FORT LAUDERDALE (CBSMiami) – Nikolas Cruz, the suspected gunman who opened fire at Marjory Stoneman Douglas High School in Parkland, made his first appearance in a courtroom on Thursday.
The 19-year-old, accused in the third worst school shooting in the U.S., has been charged with 17 counts of premeditated murder in Wednesday's shooting at Marjory Stoneman Douglas High School in Parkland.
The court appearance was not long, and Cruz only spoke once.
When County Court Judge Kim Theresa Mollica asked if he was Nikolas Cruz, he responded, "yes ma'am."
After Cruz was read his rights, Assistant State Attorney Shari Tate then explained why they were seeking no bond.
His "premeditated design" of going to the school with an AR-15 rifle and additional ammunition, shooting and killing 17 people and then fleeing the scene.
"The state is seeking a no bond hold on the defendant," Tate said.
Defense attorney Melisa McNeil said they would not be making any arguments and deferred to future court proceedings.
"We will formally evoke Mr. Cruz's right to remain silent, and that notification relates to any law enforcement agencies that are involved in this case, both at the state and federal level," McNeil said.
The judge then ordered Cruz to be held with no bond.
During the hearing, the only time Cruz raised his head was the one time he spoke to the judge.
Outside the courtroom, McNeill gave some insight into the defendant.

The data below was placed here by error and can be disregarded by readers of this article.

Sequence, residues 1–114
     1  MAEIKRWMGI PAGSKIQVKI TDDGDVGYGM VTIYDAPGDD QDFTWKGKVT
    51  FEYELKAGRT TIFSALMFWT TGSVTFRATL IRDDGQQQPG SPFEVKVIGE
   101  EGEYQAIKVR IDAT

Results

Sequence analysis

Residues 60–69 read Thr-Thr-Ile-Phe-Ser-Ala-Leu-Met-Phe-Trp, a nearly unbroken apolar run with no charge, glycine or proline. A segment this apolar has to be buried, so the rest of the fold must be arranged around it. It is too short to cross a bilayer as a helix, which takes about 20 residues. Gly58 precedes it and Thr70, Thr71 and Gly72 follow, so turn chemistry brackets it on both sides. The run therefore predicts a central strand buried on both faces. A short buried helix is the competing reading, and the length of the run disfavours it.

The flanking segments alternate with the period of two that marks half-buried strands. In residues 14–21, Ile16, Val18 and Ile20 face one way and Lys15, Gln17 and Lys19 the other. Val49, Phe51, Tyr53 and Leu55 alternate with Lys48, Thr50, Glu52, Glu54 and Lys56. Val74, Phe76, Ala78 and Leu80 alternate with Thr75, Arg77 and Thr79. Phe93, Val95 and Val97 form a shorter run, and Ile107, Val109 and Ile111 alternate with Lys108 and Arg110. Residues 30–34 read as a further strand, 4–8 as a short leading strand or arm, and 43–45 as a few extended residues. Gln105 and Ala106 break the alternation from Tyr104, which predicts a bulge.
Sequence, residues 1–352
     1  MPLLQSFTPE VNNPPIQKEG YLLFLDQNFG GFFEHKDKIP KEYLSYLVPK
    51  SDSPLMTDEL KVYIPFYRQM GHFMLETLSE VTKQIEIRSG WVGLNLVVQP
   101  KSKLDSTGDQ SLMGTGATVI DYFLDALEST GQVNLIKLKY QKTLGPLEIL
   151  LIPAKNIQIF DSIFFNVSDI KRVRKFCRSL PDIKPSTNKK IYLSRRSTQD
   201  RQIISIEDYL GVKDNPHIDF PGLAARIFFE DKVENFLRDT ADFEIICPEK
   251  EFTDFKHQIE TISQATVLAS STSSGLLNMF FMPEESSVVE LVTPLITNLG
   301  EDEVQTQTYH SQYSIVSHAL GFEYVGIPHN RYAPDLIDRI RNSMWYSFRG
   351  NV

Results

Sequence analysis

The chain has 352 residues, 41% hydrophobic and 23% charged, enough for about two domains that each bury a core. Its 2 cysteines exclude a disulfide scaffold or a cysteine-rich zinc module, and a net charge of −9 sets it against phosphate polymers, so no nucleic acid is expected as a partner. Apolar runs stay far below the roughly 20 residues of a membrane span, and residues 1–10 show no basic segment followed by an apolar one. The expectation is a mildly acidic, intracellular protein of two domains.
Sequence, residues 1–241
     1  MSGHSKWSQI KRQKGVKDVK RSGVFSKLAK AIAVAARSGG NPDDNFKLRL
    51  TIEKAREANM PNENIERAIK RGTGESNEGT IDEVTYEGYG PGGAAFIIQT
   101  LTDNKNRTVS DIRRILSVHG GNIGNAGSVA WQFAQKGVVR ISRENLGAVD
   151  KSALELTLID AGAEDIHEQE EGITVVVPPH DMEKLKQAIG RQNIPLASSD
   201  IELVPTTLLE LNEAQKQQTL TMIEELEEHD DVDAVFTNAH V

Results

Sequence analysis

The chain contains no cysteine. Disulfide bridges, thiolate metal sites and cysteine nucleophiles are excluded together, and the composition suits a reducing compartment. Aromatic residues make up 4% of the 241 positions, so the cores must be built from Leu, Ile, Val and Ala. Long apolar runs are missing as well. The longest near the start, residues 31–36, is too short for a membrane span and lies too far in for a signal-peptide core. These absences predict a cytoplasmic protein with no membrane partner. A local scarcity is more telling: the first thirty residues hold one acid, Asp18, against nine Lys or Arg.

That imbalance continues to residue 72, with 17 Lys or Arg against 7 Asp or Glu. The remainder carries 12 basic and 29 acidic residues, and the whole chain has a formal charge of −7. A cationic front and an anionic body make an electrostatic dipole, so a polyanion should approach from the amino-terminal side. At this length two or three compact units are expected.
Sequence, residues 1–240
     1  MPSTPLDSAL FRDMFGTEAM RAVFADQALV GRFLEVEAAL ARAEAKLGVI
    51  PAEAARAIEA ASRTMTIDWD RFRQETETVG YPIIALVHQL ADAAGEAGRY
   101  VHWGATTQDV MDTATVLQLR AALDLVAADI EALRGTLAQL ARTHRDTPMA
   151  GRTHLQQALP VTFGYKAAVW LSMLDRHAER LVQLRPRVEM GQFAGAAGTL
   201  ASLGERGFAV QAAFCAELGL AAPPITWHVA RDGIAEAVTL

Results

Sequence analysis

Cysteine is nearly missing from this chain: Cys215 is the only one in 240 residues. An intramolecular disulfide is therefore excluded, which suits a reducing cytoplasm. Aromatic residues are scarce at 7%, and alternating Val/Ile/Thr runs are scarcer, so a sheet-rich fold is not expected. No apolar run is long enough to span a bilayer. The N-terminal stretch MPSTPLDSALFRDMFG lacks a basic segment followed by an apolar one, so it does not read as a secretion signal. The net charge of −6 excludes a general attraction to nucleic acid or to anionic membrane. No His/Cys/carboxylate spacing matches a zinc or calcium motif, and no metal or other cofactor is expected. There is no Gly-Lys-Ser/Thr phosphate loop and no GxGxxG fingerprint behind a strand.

"He's a broken human being," she said. "He's a broken child."
McNeill, a mother and South Florida resident, said the case is emotional for everyone.
"I had to have the exact same conversation that every parent in Broward had to have with their children this morning, then I had to walk and meet with him," McNeill said. "I'm fully aware of the impact this has on the people who live here."
Gordon Weeks is also on the defense team.
He was brought to tears multiple times while speaking with CBS4's Ted Scouten about the loss to the community, while adding that Cruz understands those losses.
"He recognizes, he's deeply said," Weeks said of Cruz. "He is dealing with the shock of all this that's going on."
While finding the case emotionally difficult, the defense says Cruz suffers from autism, depression and has significant psychological problems, enough that he's possibly suicidal.
"He is on suicide watch," Weekes said. "The child is deeply troubled and he has endured significant trauma that stems from the loss of his mother."
Cruz was a former student of Marjory Stoneman Douglas High School but was expelled and transferred to another Broward County School, superintendent Robert Runcie said Thursday.
A noon prayer vigil for the victims was held at the Parkridge Church in Coral Springs.
Another vigil will be held at 2:30 p.m. at Pine Trails Park, at 10555 Trails End, Parkland.
A sunset vigil will also be held in the park beginning at 6 p.m.
CBS Miami's David Dwork contributed to this story.
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